(A) The individual right to keep and bear arms, being a fundamental individual right that predates the United States Constitution and Ohio Constitution, and being a constitutionally protected right in every part of Ohio, the general assembly finds the need to provide uniform laws throughout the state regulating the ownership, possession, purchase, other acquisition, transport, storage, carrying, sale, other transfer, manufacture, taxation, keeping, and reporting of loss or theft of firearms, their components, and their ammunition. The general assembly also finds and declares that it is proper for law-abiding people to protect themselves, their families, and others from intruders and attackers without fear of prosecution or civil action for acting in defense of themselves or others. Except as specifically provided by the United States Constitution, Ohio Constitution, state law, or federal law, a person, without further license, permission, restriction, delay, or process, including by any ordinance, rule, regulation, resolution, practice, or other action or any threat of citation, prosecution, or other legal process, may own, possess, purchase, acquire, transport, store, carry, sell, transfer, manufacture, or keep any firearm, part of a firearm, its components, and its ammunition. Any such further license, permission, restriction, delay, or process interferes with the fundamental individual right described in this division and unduly inhibits law-abiding people from protecting themselves, their families, and others from intruders and attackers and from other legitimate uses of constitutionally protected firearms, including hunting and sporting activities, and the state by this section preempts, supersedes, and declares null and void any such further license, permission, restriction, delay, or process.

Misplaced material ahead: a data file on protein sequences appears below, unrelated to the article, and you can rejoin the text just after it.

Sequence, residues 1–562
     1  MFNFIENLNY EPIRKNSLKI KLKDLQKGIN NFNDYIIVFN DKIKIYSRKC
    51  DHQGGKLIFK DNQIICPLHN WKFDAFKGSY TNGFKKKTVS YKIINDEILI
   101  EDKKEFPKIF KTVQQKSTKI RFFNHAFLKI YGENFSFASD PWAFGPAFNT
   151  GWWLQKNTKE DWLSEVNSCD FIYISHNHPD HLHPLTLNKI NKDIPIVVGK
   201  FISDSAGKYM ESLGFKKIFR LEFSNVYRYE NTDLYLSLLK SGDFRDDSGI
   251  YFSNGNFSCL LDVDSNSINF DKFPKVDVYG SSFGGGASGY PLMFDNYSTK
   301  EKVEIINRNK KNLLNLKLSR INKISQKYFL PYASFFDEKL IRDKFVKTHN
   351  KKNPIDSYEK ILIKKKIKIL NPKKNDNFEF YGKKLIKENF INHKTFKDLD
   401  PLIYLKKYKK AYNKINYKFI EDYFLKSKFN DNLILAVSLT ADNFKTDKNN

(B) A person, group, or entity adversely affected by any manner of ordinance, rule, regulation, resolution, practice, or other action enacted or enforced by a political subdivision in conflict with division (A) of this section may bring a civil action against the political subdivision seeking damages from the political subdivision, declaratory relief, injunctive relief, or a combination of those remedies. Any damages awarded shall be awarded against, and paid by, the political subdivision. In addition to any actual damages awarded against the political subdivision and other relief provided with respect to such an action, the court shall award reasonable expenses to any person, group, or entity that brings the action, to be paid by the political subdivision, if either of the following applies: